What Happens if a Person Dies Without a Will or When the Will Is Invalid?


What Happens if a Person Dies Without a Will or When the Will Is InvalidIntestacy refers to the distribution of estate property to heirs when there is no will or when the will is invalid. Partial intestacy occurs when a person’s will does not include everything they owned.

In such cases, the heirs and surviving spouse inherit through intestate succession according to Alaska’s intestacy rules.

Not all property can be transferred under intestate succession. Intestacy laws only apply to assets that would have been transferred through your will.

Exempt property is the personal property of the person who died, worth up to $10,000, that the personal representative must give to certain family members


Why Do I Need an Alaska Attorney to Make a Will?


Even though it is not necessary to use a lawyer when drawing up a will, there are many good reasons to do so.

  1. Invaluable experience: The primary reason to use a lawyer when writing a will is that there is no substitute for experience and knowledge in this area of law.The internet has a lot of information about making wills. Still, it can be challenging for someone with no experience in this area to know what they need to do and what they should avoid doing to make sure their will works the way they want it to work.
  2. Frequent law amendments: Also, laws change frequently, and what is acceptable one year may not be accepted the following year. An experienced estate planning lawyer can explain all of these issues and ensure that your will is perfect.
  3. Interpretation issues: Using a lawyer is because the beneficiaries (the people you name in your will) might be unclear about interpreting conditions or clauses. To get answers to such questions, they will have to go to probate court. Your beneficiaries could get the help of your lawyer if you use one to prepare your will. This can also reduce the added expense of your beneficiaries hiring their own lawyers to help them interpret your will.
  4. Complicated family situations: Lastly, if you have a lot of assets or a complex family situation, it is especially crucial to use a lawyer to prepare your Will.

All in all, our lawyers can ensure that your property will be distributed according to your wishes and that your will is legally compliant.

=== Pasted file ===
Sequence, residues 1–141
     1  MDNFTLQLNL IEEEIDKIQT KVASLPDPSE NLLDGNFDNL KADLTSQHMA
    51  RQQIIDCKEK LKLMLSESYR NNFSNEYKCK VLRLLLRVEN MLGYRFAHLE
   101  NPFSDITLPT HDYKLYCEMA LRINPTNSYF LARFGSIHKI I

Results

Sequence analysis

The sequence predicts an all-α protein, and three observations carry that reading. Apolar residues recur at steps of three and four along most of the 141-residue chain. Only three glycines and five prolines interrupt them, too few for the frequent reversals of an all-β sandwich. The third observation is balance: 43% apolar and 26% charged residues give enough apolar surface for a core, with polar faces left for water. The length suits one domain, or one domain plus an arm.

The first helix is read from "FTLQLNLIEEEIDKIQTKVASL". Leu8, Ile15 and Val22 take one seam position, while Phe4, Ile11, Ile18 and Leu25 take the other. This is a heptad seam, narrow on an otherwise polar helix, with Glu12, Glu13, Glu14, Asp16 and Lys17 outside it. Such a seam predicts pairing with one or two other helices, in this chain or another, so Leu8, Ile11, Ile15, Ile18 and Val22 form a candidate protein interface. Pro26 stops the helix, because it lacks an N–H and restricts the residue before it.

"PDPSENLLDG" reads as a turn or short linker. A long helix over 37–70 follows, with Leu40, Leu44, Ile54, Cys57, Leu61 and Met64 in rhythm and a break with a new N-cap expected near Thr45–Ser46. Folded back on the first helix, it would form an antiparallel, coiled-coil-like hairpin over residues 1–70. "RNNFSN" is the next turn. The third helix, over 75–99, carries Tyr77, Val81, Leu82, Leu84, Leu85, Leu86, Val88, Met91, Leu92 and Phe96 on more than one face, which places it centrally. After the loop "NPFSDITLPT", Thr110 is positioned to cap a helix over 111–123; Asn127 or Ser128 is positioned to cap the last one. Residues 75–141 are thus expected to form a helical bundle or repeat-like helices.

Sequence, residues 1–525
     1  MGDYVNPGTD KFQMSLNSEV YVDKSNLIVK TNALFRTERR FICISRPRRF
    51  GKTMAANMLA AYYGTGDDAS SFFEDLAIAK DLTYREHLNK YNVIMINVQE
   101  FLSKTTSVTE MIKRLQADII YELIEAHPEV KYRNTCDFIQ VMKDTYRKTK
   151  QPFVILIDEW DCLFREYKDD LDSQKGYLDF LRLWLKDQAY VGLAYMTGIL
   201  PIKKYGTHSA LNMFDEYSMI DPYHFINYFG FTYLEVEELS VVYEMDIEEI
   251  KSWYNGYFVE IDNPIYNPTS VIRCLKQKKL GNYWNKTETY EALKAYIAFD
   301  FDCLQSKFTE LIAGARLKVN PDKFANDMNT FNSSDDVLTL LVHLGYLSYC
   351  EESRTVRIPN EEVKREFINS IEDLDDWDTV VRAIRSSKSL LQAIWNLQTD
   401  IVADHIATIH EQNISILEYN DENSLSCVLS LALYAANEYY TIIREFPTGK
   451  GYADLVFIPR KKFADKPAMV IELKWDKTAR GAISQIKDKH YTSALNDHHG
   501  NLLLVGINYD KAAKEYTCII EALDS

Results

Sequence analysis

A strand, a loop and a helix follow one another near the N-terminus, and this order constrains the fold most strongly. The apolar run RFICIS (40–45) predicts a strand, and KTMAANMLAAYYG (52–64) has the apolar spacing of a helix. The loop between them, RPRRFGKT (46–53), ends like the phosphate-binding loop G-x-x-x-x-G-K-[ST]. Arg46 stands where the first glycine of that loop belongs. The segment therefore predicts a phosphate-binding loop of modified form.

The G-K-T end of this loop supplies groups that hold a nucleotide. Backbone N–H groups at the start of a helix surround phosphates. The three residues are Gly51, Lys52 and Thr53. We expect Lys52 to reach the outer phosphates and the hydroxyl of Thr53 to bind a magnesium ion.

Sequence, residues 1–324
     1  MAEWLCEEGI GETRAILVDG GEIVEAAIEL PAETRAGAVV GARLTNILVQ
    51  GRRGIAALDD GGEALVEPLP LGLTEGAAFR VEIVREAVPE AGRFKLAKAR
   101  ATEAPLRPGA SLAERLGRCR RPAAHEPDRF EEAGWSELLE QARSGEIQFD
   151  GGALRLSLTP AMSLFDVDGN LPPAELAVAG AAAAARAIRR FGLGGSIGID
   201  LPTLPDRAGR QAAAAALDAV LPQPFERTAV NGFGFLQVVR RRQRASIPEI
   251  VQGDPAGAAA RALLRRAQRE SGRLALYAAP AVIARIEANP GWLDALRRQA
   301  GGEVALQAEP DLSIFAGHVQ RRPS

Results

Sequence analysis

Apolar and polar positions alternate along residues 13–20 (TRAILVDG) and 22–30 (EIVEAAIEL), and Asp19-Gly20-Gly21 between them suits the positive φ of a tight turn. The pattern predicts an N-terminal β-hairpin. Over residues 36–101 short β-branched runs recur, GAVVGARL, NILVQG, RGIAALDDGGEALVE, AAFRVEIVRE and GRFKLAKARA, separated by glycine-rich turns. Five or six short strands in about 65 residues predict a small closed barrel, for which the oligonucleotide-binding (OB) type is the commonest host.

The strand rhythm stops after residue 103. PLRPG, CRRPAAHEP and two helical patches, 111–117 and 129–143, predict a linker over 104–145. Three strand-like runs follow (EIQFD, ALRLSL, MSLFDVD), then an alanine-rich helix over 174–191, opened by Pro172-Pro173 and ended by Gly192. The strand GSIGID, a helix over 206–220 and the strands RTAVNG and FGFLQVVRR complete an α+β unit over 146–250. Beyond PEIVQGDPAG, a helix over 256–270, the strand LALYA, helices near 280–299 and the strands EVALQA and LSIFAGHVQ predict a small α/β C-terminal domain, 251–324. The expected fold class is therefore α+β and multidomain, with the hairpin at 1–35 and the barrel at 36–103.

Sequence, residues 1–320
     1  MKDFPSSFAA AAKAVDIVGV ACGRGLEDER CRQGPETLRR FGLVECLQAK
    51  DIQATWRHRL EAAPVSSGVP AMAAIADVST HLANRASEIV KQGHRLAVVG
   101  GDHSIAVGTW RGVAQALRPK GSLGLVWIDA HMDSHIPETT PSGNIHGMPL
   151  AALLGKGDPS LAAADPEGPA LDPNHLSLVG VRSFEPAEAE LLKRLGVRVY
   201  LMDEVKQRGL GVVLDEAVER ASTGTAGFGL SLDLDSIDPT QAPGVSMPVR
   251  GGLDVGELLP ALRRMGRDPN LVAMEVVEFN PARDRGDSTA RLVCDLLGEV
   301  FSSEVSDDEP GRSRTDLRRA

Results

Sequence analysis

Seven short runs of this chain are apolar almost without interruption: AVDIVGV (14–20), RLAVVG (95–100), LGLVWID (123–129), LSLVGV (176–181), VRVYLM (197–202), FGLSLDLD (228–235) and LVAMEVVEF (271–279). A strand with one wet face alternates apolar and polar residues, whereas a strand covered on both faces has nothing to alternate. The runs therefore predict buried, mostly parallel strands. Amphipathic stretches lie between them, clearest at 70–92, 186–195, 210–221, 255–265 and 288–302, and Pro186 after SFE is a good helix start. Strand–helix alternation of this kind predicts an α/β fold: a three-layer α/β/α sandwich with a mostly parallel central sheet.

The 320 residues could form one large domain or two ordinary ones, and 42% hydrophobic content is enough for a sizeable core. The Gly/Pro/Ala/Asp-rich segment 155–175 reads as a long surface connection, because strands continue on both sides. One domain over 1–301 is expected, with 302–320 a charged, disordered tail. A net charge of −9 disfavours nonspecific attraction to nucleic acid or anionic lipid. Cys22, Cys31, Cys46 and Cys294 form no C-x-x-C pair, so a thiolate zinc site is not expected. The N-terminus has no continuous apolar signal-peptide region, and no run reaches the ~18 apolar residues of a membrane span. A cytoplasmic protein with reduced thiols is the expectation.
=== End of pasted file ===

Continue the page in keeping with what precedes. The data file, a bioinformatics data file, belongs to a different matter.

Contact Wyatt & Butterfield LLC to assist you in all matters of wills, estate planning, and family law.


Does a Will Need to Be Probated in Alaska?


Yes. Whether or not a will is left by the deceased, probate is required to actually transfer the property of that person to other people. The probate process is generally the same with or without a will.

Probate is the entire process of administering a dead person’s estate by a probate court. During the probate process, property owned by a deceased person is transferred to the individuals who are intended to receive it.

There is a probate requirement when a person dies and owns property that is not automatically transferred to someone else. Through this process, a personal representative transfers the personal property to the correct person.

Probate is also necessary when handling other situations like creditor’s claims against the deceased or the deceased’s estate assets, settling disagreements between beneficiaries or heirs, and appointing a guardian of a minor.


Does a Will Need to Be Notarized in Alaska


Does a Will Need to Be Notarized in AlaskaNo. According to Alaska law, you don’t need to notarize your will. It is advisable that witnesses append their names in front of the notary.


What You Need to Remember About Will Laws in Alaska


Your last will and testament is a document that holds your instructions on how you want your property and assets to be distributed. It doesn’t matter if you have a large or small estate. You can also appoint a guardian for any minor children you may have in your will.

Wills can be complicated for many reasons, including the ever-changing state laws. It is important to hire an attorney to help you with this process so that you can make sure your loved ones are taken care of after you’re gone!

There are a lot of rules to remember, so make sure you contact an estate planning attorney today.